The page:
/*
 Interactivity
*/
 
func String(v scmer) string {
	switch v := v.(type) {
	case []scmer:
		l := make([]string, len(v))
		for i, x := range v {
			l[i] = String(x)
		}
		return "(" + strings.Join(l, " ") + ")"
	default:
		return fmt.Sprint(v)
	}
}
 
func Repl() {
	scanner := bufio.NewScanner(os.Stdin)
	for fmt.Print("> "); scanner.Scan(); fmt.Print("> ") {
		fmt.Println("==>", String(eval(read(scanner.Text()), &globalenv)))
	}
}

You can find the code as a whole in this github gist

unthermo, or simply reading out .raw mass spectrometer data

When working with Thermo Scientific mass spectrometer binary data files (.raw), you’re usually limited to the Windows platform, using the MSFile Reader dll library. Gene Selkov has done a lot of effort in liberating file access with unfinnigan, providing Perl scripts to read the spectral data directly from the file. But you still need to have a Perl library installed. Dealing with libraries and all kinds of file types is more often than not overkill for the problem at hand. Extracting a few peaks should be as easy as executing one simple command.

unthermo is the result of reimplementing parts of unfinnigan in Go, a programming language that allows creating self-contained executables (for all platforms: Windows, Mac OS X, and Linux). Now, you can very easily provide tools reading Thermo files that don’t need any installing. All that is just great fun.

A first tool xic extracts a mass chromatogram for given m/z’s within a certain tolerance in ppm.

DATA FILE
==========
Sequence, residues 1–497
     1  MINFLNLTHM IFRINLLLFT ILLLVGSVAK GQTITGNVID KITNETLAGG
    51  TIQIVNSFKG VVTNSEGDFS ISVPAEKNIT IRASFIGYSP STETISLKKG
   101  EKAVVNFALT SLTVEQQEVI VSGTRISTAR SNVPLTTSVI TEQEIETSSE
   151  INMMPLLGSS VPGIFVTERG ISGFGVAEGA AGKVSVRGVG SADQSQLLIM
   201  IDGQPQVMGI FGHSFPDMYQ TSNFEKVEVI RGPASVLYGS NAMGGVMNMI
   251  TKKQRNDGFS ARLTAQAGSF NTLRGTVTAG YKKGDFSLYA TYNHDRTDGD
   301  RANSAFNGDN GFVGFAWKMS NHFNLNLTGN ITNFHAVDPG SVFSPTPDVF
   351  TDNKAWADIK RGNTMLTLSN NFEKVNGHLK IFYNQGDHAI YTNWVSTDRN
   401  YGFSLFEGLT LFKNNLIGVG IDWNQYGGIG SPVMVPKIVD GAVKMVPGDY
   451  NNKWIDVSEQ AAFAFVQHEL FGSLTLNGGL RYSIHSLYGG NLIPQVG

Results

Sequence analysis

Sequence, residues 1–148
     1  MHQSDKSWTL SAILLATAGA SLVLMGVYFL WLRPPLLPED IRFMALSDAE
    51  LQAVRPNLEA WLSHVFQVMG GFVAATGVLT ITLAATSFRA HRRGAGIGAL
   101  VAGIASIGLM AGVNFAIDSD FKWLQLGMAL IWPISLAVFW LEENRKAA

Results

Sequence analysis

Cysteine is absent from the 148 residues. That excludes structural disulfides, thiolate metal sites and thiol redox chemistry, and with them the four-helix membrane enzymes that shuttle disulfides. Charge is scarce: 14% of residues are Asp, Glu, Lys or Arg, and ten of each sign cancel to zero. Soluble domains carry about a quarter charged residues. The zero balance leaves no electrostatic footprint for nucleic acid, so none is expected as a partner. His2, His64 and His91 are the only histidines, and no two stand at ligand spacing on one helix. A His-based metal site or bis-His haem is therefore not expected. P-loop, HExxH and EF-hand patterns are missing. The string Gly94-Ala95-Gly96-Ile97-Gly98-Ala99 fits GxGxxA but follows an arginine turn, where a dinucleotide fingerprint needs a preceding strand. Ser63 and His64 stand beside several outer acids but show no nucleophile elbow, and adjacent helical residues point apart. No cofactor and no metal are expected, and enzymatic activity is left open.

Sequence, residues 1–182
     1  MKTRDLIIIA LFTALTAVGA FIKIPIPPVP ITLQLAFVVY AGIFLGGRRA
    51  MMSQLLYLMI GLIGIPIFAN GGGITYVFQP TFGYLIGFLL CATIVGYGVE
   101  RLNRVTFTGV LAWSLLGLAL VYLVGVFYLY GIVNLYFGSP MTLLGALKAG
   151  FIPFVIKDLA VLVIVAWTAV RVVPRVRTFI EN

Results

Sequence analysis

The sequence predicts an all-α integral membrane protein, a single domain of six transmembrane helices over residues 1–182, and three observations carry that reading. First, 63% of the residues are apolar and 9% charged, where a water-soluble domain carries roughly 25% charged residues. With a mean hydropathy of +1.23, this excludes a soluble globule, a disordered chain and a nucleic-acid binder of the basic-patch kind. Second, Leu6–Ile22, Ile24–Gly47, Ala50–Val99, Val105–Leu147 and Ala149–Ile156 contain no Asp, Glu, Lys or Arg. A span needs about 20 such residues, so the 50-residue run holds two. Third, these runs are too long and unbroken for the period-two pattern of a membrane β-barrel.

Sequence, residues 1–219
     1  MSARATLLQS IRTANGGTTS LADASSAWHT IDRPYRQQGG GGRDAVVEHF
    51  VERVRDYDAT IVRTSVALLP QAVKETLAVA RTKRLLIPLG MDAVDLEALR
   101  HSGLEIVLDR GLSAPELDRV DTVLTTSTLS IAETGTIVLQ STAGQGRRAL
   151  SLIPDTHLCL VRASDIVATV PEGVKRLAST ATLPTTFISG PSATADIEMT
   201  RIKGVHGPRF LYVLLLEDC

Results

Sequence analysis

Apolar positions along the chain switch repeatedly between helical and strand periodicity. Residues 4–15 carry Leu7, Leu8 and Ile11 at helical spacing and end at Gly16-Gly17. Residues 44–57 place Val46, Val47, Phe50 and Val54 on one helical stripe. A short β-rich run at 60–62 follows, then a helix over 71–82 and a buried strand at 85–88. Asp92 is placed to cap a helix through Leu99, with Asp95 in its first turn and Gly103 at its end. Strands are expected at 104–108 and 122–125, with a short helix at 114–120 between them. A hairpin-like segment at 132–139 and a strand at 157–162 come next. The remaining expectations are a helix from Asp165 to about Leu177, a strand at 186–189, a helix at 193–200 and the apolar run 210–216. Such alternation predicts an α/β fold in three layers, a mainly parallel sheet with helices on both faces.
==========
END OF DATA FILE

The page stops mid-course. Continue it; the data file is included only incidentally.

Download it on your computer, xic -mz 361.1466 -tol 2.5 -raw rawfile.raw, done. The tool and some more details are available on the homepage of the project.

Technically, the library provides two levels of abstraction over the binary data. On the lowest level reside the data structures of the .raw files, so you can read out e.g. frequency data, or meta-data written by the mass spectrometer. The higher level deals with the scan properties and peak lists (i.e. Spectra). This is for example used to output a specific m/z, time and intensity for every MS 1-level scan by the xic tool.


Development

Developers that want to get there hands on the code are welcome at the git repository on bitbucket. If you have the Go language tools installed (via their web site or your package manager), you can run “go get bitbucket.org/proteinspector/ms/unthermo” which will download the repository to your Go workspace.

Here’s the code of a simple example that uses unthermo to print m/z and intensity of a specific scan number in a raw file. The Scan method returns an ms.Scan, on which function printspectrum can be called. This function loops over the peaks in the mass spectrum (Spectrum is a []Peak), printing their m/z and intensity.

The output of running this code with arguments -sn 1 -raw rawfile.raw [1] will have the following form:

300.0573502627188 22.64058
300.0583320195028 184.16449
300.05931378110523 544.771
300.060295547526 972.3836
300.061277318765 1211.7169
300.0615234375 1220.9489
300.06225909482254 1127.0696
300.06324087569857 834.89545
...

[1] “go run printspectrum.go -sn 1 -raw rawfile.raw” or “go build printspectrum.go” and then “./printspectrum -sn 1 -raw rawfile.raw”

charge of N-modified peptides

charge of N-modified peptides

All peptide identifications, done with Mascot, from ESI-MS/MS data generated at VIB in Ghent are stored in a relational database.

Looking at the charges these identified peptides had in the mass spectrometer, you can conclude that most came out from electrospray ionization doubly charged. A distinction is made between N-terminal modified and peptides starting with NH2- (blue and red).

Plot generated with the great R package ggplot2.